Single Question Interview: C Bryan Brown

What is the anatomy of a solid character?

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Generally, that depends on the character, but every solid character must have a few basic things in common.

First and foremost, a solid character needs mass.

For example, ghosts, while they can certainly be well-rounded, entertaining, scary, or sympathetic, just aren’t solid. They walk through walls, fall through floors, disappear in sunlight. It makes them very hard to grab on to, you know, very hard to pin down for anything necessary. As a matter of fact, I don’t think you could put a pin in a ghost because there’s nothing solid to stick!

Actual mass will depend on a variety of factors, but mainly the size of your character. Large characters take up more physical space than, say, small characters. Be sure you remain consistent when writing kids, too. Smaller = less space, but if you’re writing about a juvenile bigfoot, for instance, its mass will be more than a juvenile human of the same age. Cuz, you know, it’s a BIGFOOT.

So, after adding the proper mass, you’ve got a pretty solid character on your hands. But solid doesn’t just mean owning a physical space, having some sort of cosmic address where a body is parked. No, it’s also about the correct bits & pieces being in place. So that means if you’re writing about an alien with three eyes and a tail, you need to make sure those are present and accounted for, always. Tails swish, they flick, people trip over them. While some people trip over nothing, or their own feet, it’s much more likely they’re going to trip over something solid. Everyone knows this.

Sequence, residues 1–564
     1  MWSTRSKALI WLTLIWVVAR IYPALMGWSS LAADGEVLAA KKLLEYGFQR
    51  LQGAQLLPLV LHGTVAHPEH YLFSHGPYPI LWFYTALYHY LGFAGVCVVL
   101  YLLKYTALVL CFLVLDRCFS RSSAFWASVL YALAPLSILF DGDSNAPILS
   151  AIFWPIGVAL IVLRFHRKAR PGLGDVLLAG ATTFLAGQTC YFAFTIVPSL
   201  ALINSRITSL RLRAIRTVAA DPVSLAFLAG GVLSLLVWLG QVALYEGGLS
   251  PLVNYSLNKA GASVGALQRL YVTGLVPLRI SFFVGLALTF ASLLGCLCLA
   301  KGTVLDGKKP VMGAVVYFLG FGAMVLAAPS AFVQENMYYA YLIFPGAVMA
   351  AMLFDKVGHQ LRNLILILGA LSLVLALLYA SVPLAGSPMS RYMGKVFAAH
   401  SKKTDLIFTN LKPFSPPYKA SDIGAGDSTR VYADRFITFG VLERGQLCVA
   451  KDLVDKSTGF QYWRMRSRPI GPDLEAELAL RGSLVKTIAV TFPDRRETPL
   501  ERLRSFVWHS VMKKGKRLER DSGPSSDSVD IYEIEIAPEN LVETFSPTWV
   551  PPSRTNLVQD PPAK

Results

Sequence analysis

This same rules apply for writing humans. The women and men characters need to have the proper parts. If needed, switch these parts around, of course, but they need still be present. And switched around means women can have male parts and vice versa, just tucked away where they should be, not, say, sprouting from their foreheads like a unicorn’s horn or reminiscent of a porcupine joke I once heard.

So we’ve covered mass and each character having the proper pieces for what they are. We’ve also seen that you’re allowed to shuffle them around when needed. Think of each character like a Potato Head doll: holes in the arms, legs, head, face, eyes. Put things where they need to go to fit your story.

Seriously, folks, it’s that easy to have proper anatomy on a solid character.

My serious answer to this question, which certainly includes all of the above, is that the anatomy of a solid character is quite simple.

It boils down to duality.

I’ve never known a single person who is all good or all bad (and I use those terms relatively) and that’s what you have to bring to the table when you write characters. You have to recognize that while this character is certainly the baddie, there’s a reason for that. Just like every super hero has an origin story, so does every villain. The villain may very well like Pina Coladas and getting caught in the rain, which aren’t very villainous things at all. But if the villain is nothing but mean and vile, then some of the mass is lost, some of those solid bits you want to stick a pin in.

Conversely, your good guy may shoot a kid in the face and then go home and hug his own.

If you know the goals, motivations, and loves of both your antagonist and protagonist, you essentially have a story tree with two thick, healthy, branches. You can use the leaves from either branch to tell a damn good story. Now, apply the goals, motivations, and loves to your secondary players, give them the same treatment. Now your story tree grows more branches that produce more and more leaves until you have a natural, beautiful canopy through which to stream the sunlight of your story.

***You can pick up Chris’ books through AMAZON.

(Want to take part in a single question interview? Contact me for your question.)

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